Blue Moon: In defence of the werewolf

Blue Moon: In defence of the werewolf

By TNHC's Editorial Director, Emily Malone.

Look, I get it. When you think of groundbreaking horror, you probably don't give much thought to man's worst friend. But allow me to be vulnerable with you for a minute.

I feel like Hollywood got lazy with werewolves. They often forget the original curse lore, opting to copy-and-paste the rules of two of the most popular horror icons of the time, instead.

And who could blame them? Vampires and zombies infecting innocents through biting was a tried-and-true formula that worked. What essentially became the non-sexy vampire/very punctual furry zombie couldn't really compete with the monsters already dominating the horrorsphere. 

I could write for pages about the historical, cultural, and mythological beginnings of lycanthropy, but I'm here o talk about something far more shallow; about what I feel is the most interesting and unique aspect of these films - werewolf transformations. More specifically, practical effects.

Indulge me as I talk about some of my favourites. 

The Howling (1981)

The bloodiest of them all, and my personal favourite transformation yet. Released in the same year as American Werewolf in London, Joe Dante's transformation scene depicts a serial killer/werewolf named Eddie Quist showing off his superpower to TV journalist, Karen White (lol, what a name). 

Despite needing to willingly ignore a lot of the inconsistencies in the storyline leading up to this point, the makeup transformation effects are incredibly impressive.

What starts as Eddie digging a finger into his forehead t retrieve a bullet ends up as 3 generous and transfixing minutes of bones cracking and lengthening; flesh pulsing and tearing.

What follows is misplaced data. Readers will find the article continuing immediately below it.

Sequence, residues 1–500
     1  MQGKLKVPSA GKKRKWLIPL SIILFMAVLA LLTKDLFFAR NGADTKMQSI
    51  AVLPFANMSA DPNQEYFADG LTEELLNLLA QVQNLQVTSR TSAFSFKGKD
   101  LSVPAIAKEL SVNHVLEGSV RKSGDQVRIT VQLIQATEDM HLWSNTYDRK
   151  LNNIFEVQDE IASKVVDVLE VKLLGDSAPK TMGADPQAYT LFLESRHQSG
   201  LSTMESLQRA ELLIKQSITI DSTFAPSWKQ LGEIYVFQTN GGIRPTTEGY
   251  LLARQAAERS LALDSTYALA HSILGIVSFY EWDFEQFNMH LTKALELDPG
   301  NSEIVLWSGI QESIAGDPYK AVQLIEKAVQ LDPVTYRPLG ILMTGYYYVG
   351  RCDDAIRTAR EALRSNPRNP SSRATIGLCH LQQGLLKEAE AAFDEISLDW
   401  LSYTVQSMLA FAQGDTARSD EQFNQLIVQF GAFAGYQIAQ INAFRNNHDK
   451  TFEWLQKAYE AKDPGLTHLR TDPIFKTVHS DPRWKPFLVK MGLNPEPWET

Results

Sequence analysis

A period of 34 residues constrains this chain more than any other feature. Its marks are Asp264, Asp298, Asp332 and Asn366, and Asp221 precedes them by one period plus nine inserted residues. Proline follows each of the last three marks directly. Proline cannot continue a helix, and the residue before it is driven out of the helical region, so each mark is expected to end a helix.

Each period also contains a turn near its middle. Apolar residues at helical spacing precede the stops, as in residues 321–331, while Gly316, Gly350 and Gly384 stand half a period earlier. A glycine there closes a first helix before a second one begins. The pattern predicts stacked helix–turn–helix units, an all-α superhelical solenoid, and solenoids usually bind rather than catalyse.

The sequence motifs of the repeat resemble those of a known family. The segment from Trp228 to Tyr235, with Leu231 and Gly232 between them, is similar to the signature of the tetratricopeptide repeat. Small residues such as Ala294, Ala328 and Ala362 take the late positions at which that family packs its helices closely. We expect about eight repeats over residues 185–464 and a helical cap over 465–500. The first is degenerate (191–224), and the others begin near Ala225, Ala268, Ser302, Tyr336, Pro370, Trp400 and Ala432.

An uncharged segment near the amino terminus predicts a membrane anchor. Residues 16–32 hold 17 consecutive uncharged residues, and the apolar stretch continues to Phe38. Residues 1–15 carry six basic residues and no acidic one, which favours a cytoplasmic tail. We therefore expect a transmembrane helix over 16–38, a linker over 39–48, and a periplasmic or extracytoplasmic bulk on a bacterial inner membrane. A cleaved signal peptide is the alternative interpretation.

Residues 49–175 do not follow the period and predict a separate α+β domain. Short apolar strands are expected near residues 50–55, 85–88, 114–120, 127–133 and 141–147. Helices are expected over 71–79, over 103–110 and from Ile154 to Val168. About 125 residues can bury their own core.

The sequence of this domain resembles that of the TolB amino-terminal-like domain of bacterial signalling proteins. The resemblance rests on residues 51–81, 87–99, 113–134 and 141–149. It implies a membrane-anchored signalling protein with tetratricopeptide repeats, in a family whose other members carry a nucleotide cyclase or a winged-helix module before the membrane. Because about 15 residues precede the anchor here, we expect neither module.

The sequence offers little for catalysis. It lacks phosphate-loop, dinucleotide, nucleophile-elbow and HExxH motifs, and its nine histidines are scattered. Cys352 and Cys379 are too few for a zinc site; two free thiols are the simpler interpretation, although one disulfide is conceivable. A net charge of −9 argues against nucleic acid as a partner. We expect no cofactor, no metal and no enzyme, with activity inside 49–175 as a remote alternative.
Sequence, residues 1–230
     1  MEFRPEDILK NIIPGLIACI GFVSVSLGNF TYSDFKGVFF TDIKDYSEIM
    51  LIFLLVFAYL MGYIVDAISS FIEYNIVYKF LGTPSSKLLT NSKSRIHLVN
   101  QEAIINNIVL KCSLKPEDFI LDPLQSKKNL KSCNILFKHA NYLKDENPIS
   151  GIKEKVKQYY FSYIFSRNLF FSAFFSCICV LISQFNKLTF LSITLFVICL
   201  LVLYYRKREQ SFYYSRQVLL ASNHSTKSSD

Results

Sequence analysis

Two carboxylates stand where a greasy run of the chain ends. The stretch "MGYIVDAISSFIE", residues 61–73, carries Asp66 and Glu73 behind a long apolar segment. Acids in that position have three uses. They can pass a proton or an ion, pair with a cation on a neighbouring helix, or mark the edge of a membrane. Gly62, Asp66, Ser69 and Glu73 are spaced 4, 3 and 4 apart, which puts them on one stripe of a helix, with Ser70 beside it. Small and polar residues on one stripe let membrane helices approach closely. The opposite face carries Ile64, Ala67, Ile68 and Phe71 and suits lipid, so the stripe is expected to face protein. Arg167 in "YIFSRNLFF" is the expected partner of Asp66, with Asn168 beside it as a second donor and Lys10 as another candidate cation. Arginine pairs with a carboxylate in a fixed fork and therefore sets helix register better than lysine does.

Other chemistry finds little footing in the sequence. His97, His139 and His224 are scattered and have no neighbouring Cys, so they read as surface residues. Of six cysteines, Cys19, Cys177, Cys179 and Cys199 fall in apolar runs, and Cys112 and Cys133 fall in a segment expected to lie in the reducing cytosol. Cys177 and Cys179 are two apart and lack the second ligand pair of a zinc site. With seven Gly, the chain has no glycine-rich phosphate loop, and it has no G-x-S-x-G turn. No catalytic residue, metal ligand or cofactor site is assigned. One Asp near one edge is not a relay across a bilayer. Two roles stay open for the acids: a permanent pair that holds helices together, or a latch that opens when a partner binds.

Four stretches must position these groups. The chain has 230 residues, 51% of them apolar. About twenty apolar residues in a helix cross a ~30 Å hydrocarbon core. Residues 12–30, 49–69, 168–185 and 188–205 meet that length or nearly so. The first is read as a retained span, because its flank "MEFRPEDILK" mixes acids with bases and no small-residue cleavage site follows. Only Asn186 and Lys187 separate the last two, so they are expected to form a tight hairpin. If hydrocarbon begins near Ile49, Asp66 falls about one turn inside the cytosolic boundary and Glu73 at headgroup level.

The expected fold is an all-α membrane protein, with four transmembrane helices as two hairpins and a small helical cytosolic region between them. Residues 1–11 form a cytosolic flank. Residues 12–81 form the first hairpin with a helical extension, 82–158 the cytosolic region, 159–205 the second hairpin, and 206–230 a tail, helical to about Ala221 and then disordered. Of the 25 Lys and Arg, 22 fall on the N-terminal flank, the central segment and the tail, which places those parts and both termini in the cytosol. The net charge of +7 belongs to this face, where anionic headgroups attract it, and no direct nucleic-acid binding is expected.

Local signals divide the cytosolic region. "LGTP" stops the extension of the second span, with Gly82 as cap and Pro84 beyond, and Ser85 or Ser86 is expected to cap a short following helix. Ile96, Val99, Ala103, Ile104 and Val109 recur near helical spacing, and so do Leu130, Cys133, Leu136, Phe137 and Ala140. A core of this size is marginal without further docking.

As his new form slowly breaks through in grizzly detail, his wild eyes fixate on Karen. The uniqueness of this transformation becomes even more apparent when his smile widens and stretches into a dripping, predatorial snarl.

He enjoys it.

American Werewolf in London (1981)

There's no denying the influence John Landis' iconic horror comedy had on practical effects in horror. It contains a transformation that won Rick Baker an Oscar for his innovative makeup effects. Without it, we wouldn't have countless 80s genre films and media, including Michael Jackson's Thriller, which had special effects and art direction by the very same team.

The film's plot follows two American tourists who are attacked by a werewolf in the countryside while backpacking to London. As his screams evolve into agonised howls in a fully-lit room, David Naughton's character undergoes the most visible, tortuous, and heart-stopping transformation I have ever seen. 

What I particularly love about it is you can see a lot of David's humanity throughout the transformation; it's a perfect example of the combines effectiveness of purposeful practical effects and strong, emotive acting.


Ginger Snaps (2000)

" I get this ache... And I, I thought it was for sex, but it's to tear everything to fucking pieces."

This Canadian horror uses Lycanthropy as a metaphor for the blossoming sexuality of a couple of outcast sisters named Bidgette and Ginger. After Ginger is attacked by a werewolf on the night of her first period, her transformation builds over the course of the film. 

Slow, subtle changes begin to occur throughout the film until finally, she undergoes a total body transformation while trapped in the back of a moving van. This gnarly transformation combines deliciously sticky prosthetics and bursts of passing streetlights as the director lets the scene unfold through shadowy glimpses of her writhing, contorting body.

The Wolf Man (1941)

Lon Chaney Jr. was actually the first to star as the titular Universal Monster, so had a huge influence on Hollywood's depictions of the werewolf. The story begins when Lon's character is bitten by a wolf on his family's ancestral estate. After a warning from his new beau about his impending transformation into half-man, half-wolf, the dread sets in. 

Because of the limited practical effects available to horror directors at the time, instead of showing a full-body transformation, The Wolf Man focuses on just one body part. The result is a final transformation which leaves a lot to the audience's imagination. It's simple, of course. But ultimately very effective. 


There's a reason there isn't a film here that was made after 2000. I don't think it's a coincidence that the werewolf films sank into the void as big budget CGI became the next new thing. I'm looking at you, Underworld.

Who knows, maybe we'll see more werewolf horror in the coming years. In fact, I did hear rumours of a Wolf Man remake starring Ryan Gosling at one point. 

I just hope they stick some goddamn fur on him.

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